The reporters had heard rumors of the $300,000-$400,000 range and were taken aback.

“I wasn’t quite sure I was hearing correctly,” Gottlieb said. “I thought he maybe said $7,000 a month. I said: ‘Pardon me?’ and he said: “700.”

Adams then stated that he made $457,000 a year after retiring from a chief’s job in Glendale where he made $215,000. Spaccia said she didn’t know her salary, but Rizzo volunteered that she made $350,000 a year.

“If people want to choke on that, that’s OK. You get what you pay for,” Rizzo proclaimed, bragging that he could make just as much in the private sector.

The story made national headlines after it broke in late June. Other stories garnered through use of the Public Records Act followed regarding questionable city loans Rizzo made to two businesses without the council’s approval, a high salary for the mayor of the Los Angeles suburb of Compton, and the Vernon expenses.

In that case, city administrators were found to earn upwards of $1.6 million in 2008. They took a 2007 trip to New York first class, staying in a hotel at the rate of $800 per night. One official, Eric T. Fresch, lived in Northern California and commuted at taxpayer expense. The city of Vernon is mostly industrial and has only 90 residents. Still, city workers were not immune to the recession and found themselves with pink slips and no health insurance in the midst of this flagrant spending.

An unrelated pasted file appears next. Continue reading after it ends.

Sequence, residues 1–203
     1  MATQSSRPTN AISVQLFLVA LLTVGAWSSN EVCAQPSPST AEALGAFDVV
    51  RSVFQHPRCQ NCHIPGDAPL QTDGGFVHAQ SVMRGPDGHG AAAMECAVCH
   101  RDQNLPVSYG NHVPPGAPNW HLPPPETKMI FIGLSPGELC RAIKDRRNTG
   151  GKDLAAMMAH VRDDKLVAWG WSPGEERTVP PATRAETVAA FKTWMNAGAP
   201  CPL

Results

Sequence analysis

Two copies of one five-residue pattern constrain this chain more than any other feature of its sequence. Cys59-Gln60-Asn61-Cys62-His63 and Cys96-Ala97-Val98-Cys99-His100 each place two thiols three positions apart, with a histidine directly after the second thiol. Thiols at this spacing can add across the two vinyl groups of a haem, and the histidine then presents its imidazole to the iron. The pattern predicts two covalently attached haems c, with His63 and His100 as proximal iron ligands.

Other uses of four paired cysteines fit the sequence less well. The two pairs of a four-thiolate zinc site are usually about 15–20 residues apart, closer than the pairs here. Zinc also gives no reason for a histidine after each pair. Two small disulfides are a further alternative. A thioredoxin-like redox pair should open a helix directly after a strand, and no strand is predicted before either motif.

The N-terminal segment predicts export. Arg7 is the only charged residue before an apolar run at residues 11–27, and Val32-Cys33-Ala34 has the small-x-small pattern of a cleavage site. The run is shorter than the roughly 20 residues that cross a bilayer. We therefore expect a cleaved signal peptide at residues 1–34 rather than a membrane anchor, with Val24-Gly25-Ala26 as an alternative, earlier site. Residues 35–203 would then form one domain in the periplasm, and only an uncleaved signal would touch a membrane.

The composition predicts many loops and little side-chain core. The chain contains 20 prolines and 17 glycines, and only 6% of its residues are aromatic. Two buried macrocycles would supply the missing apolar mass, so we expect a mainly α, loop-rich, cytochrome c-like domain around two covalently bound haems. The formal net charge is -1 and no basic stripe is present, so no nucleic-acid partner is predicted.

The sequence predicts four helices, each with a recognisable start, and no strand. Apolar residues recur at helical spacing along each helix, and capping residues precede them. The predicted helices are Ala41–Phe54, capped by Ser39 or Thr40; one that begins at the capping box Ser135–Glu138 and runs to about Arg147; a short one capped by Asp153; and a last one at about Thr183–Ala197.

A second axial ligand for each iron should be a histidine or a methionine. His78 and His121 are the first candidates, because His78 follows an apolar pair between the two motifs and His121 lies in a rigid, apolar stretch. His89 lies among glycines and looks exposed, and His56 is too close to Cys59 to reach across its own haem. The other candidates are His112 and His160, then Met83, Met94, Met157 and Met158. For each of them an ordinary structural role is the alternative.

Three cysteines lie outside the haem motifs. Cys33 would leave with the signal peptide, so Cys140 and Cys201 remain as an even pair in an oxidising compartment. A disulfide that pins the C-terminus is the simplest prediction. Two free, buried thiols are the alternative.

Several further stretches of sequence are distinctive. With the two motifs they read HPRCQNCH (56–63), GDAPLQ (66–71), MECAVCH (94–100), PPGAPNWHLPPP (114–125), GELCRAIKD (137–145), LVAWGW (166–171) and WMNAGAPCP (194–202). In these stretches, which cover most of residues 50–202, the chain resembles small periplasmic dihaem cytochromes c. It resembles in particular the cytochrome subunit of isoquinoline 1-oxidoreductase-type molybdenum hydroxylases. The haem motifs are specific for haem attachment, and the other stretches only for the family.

Our forefathers never dreamed that such extravagance could take place and without open records laws none of this would have come to light. Usually the public finds out about wrongdoing after it has happened, but in one instance, the Public Records Act was actually used to head off pending wastefulness.

ABC-TV’s Los Angeles affiliate KABC discovered last December that Los Angeles County Supervisor Mark Ridley-Thomas was planning on spending $707,000 to renovate his offices in the midst of budget shortfalls and layoffs. The ensuing public hue and cry tabled the remodeling efforts even though they had been approved by a majority vote.

Ridley-Thomas initially defended his actions on camera.

“There is no reason to believe this office should have anything less than any other office. That day is gone, over. Goodbye,” he stated, referring to how colleagues have received remodels. What he didn’t state was that those were in better economic times, less extensive, and at a fraction of the cost.

“I’m here to celebrate one year of hard work and it seems to me to work in an environment that’s decent is part of what it means to keep people motivated,” he added.

Wouldn’t keeping one’s job be motivation enough? Several county workers could be spared unemployment with that $707,000 price tag.

“I was due for a (city) car two years ago,” said Los Angeles city Councilman Dennis Zine in response to questions about Ridley-Thomas’ spending. Zine often speaks out about wastefulness and says he gives his pension as a retired police officer to charity. “How could I do that with good conscience – order a new car? Things are tough. We should not spend money in these times. My car has 130,000 miles and I have no intention of getting rid of it.”

Zine says that because politician can spend money, many of them just do.

“The Public Records Act is there for the public to keep what is an allegedly transparent government honest,” he said. “It’s so the public can get information they desire. The government is paid for by the people and the people have a right to inquire.